Canons Regular of the Holy Sepulchre

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This article is about the Religious Order of the Holy Sepulchre. For the Roman Catholic chivalric Order, see Order of the Holy Sepulchre.
Emblem of the Canons Regular of the Holy Sepulchre

Canons Regular of the Holy Sepulchre were a religious order said to have been founded In 1114 (or, according to other accounts during the rule of Godfrey of Bouillon in Jerusalem) on the rule of St Augustine.


It is the opinion of Hélyot and others that no Canons of the Holy Sepulchre existed before 1114, when some canons regular, who had adopted the Rule of St. Augustine, were brought from the West and introduced into the Holy City by Godfrey of Bouillon. On the other hand, Francisco Suárez, Mauburn, Ferreri, Vanderspeeten, and others, upholding the tradition of the canonical order, maintain that St. James the Less, the first Bishop of Jerusalem, established clerics living in common the in the Holy City, where also, after the time of the crusaders, flourished the Congregation of the Holy Sepulchre. [1]

By a Bull, dated 10 January, 1143, to be found in the Bullarium Lateranense, Pope Celestine II confirmed the church and the Canons Regular of the Holy Sepulchre in all the possessions they had received from Godfrey of Bouillon, King Baldwin, and other benefactors. Mention is also made in the Bull of several churches in the Holy Land and in Italy belonging to the canons. Cardinal de Vitry, a canon regular of Oignies, and Cardinal Patriarch of Jerusalem, who had lived in Palestine some years, relates that the canons served, amongst other churches, that of the Holy Sepulchre and those on Mount Sion and on Mount Olivet. The patriarch was also Abbot of the Holy Sepulchre, and was elected by the canons regular.[1]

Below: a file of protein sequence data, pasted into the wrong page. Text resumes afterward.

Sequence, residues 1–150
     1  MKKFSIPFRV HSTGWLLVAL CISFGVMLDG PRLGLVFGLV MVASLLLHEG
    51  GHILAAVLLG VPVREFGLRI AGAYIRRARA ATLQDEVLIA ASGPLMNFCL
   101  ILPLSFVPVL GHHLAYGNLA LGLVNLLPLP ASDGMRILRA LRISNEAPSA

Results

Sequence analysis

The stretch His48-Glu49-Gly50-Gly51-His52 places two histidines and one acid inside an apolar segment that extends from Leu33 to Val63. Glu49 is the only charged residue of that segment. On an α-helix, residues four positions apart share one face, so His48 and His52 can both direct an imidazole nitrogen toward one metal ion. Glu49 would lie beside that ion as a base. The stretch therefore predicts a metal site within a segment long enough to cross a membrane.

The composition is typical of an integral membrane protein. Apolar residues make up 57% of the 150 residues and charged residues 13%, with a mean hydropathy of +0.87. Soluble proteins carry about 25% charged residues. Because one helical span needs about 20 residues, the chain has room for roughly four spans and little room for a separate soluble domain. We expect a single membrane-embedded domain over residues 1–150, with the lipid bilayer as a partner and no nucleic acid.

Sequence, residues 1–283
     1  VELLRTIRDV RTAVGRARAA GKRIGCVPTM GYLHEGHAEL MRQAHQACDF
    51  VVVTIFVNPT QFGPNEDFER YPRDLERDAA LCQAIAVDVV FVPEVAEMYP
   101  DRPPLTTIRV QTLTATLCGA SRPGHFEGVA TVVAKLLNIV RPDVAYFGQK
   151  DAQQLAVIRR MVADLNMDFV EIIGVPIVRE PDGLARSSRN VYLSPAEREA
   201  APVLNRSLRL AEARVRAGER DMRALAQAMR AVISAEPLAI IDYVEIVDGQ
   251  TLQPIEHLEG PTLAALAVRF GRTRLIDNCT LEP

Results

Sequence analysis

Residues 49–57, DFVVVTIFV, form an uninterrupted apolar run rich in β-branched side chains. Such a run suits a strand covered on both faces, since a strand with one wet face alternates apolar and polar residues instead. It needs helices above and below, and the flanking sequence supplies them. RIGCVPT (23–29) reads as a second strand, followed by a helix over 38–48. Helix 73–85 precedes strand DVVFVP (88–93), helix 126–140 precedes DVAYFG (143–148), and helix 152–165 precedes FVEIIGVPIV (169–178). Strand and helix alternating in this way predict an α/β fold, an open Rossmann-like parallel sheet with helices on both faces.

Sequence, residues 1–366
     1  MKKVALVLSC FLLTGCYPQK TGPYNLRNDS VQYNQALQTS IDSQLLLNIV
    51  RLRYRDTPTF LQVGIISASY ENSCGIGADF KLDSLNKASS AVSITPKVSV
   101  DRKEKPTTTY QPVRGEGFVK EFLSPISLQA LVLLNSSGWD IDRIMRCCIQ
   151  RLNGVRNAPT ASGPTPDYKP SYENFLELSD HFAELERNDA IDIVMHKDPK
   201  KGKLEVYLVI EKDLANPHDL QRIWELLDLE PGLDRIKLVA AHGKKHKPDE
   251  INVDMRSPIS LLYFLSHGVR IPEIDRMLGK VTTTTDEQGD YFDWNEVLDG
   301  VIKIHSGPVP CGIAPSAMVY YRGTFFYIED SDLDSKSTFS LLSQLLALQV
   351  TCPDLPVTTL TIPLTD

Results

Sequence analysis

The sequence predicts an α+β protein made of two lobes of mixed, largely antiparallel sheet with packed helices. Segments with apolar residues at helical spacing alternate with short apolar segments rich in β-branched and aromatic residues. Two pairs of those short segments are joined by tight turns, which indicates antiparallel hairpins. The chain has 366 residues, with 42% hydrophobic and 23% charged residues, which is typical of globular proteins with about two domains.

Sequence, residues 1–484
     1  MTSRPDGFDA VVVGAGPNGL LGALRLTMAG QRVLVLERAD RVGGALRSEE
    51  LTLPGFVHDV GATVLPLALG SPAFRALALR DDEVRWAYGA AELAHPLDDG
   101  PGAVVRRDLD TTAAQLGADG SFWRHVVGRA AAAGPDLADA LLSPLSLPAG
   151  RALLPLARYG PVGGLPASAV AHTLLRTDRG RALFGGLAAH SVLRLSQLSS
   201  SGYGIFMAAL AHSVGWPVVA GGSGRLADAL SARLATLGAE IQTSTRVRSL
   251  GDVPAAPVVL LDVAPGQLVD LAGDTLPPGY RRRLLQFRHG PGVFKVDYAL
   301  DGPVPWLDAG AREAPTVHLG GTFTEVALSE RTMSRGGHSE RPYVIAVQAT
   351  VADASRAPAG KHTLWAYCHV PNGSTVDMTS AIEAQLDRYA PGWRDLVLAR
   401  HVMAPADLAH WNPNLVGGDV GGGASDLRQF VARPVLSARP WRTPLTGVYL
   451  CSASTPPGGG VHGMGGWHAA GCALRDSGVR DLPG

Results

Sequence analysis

After the fall of Jerusalem to Saladin, the canons fled the Holy Land along with other Latin Christians. They first settled briefly on Cyprus, where they established Bellapais Abbey, before proceeding to Western Europe. where they had monasteries, in Italy, France, Spain, Poland, and the Low Countries. In these several countries, with the exception of Italy, they continued to exist until the French Revolution. In Italy they seem to have been suppressed by Innocent VIII, who, in 1489, transferred all their property to the Knights of Malta. As regards men, the congregation seems now extinct. According to Dugdale's Monasticon, the canons had two houses in England, one at Thetford and the other at Warwick.[1]

It is still represented by Sepulchrine Canonesses, who have converts in Belgium, the Netherlands, France, Spain, and England.